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Study: Biological Fathers Better for Children than Stepfathers

10959426 - beautiful baby of 18 days old held by his fatherNew research has confirmed what most traditional families already know – children are healthier and more likely to do better in school and get better jobs later in life if their biological father, rather than a stepfather - or no father - lives with them.

The Daily Mail is reporting on a new study carried out at the London School of Economics where researchers relied upon the records from more than 1,000 British children who were born to single mothers at the turn of the Millennium.

Researchers discovered that when single mothers were joined by the child’s biological father, and the family stayed intact, the children were as likely to do as well as children from intact families where both the mother and the father were present.

But if a stepfather joined a family that had been headed by a single woman, the children tended to grow up with the same problems as children from single-parent homes. They were found to be less likely to do well in school or keep a job and more likely to become involved in teenage pregnancy or crime.

The research, led by Elena Mariani, said that a large body of evidence has found that “children who grow up in a household with two married biological parents do better overall than those growing up with a single mother”; but thus far, no one considered what happens to the child when a man, either the biological father or another partner, moves in. This study attempted to answer some of those questions.

By relying on reports provided by the Millennium Cohort Survey, which followed the lives of nearly 20,000 children born in the UK between the year 2000 and 2002, researchers were able to find that “consistent with existing evidence, children who were born to lone mothers belonged to a lower socio-economic group than the children who were born and grew up in families with two biological parents.”

However, when a biological father joined the family, children “fared better” and “did almost as well as children who have lived continuously in a two-biological parent household since birth.”

On the other hand, those who experienced a parental break-up or where a stepfather moved into the home “had outcomes similar to children of continuously lone mothers.”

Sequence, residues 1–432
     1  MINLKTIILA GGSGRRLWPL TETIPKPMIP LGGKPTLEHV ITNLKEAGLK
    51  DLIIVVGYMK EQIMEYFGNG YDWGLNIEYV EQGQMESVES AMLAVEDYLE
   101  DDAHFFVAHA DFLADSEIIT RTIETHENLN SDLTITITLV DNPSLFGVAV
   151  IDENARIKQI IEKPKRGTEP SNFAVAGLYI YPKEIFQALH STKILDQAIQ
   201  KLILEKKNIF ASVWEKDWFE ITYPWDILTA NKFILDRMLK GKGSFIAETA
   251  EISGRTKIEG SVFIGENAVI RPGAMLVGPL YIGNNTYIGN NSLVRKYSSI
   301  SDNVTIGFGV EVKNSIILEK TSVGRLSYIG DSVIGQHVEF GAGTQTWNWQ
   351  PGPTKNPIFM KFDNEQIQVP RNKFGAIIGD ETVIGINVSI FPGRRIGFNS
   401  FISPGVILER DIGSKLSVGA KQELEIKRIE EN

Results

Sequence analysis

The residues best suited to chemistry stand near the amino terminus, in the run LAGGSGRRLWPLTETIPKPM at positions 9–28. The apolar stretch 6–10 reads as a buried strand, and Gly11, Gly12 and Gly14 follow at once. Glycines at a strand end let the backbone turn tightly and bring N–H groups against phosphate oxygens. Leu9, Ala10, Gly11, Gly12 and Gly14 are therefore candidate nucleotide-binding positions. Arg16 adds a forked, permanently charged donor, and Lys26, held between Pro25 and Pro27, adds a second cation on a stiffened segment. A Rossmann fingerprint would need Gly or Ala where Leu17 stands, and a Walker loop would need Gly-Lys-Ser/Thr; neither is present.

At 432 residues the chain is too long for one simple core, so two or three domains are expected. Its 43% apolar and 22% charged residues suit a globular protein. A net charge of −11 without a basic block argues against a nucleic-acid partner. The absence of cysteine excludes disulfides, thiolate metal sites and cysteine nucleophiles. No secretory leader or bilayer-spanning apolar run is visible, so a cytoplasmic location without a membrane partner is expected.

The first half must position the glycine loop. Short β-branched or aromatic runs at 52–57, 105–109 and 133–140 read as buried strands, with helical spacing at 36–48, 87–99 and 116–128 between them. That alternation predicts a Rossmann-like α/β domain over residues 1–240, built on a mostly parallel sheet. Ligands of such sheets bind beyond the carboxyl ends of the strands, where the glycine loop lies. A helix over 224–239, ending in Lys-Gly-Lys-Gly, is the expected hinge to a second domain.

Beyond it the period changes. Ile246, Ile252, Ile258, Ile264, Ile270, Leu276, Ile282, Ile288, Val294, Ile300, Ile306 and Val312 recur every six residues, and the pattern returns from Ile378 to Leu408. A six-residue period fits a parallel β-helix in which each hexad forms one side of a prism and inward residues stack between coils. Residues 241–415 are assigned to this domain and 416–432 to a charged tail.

Researchers found that, “the benefits of improved resources and parenting input are being offset by the difficulties in adjusting to a new situation in the child's home environment when a stepfather joins the family. The benefits of a father's entry for children's outcomes in different areas are clearest if the father is biological and the union is stable.”

"The study also checked on the health of children up to the age of seven by looking at whether they were obese; at their test scores for recognizing words, arithmetic, and patterns; and at their “socio-emotional well-being,” the Mail reports.

“The study said that these indicate well-being in later life. Intellectual skills, it said, predict future earnings and employment, while 'socio- emotional' records show the likelihood that children will grow up to get a degree, whether they will smoke, become pregnant as teenagers, or get involved with crime. Obesity indicates the likelihood of future serious illness and early death.”

Supporters of traditional marriage and family were encouraged by the findings.

Laura Perrins, co-editor of the Conservative Woman website, said: “This report shows how important biological fathers are to their children's development,” said Laura Perrins, co-editor of the Conservative Woman website. “It is not just father figures who matter but fathers. The constant destruction of the nuclear family by governments has had a detrimental impact on children and should stop now. . .”

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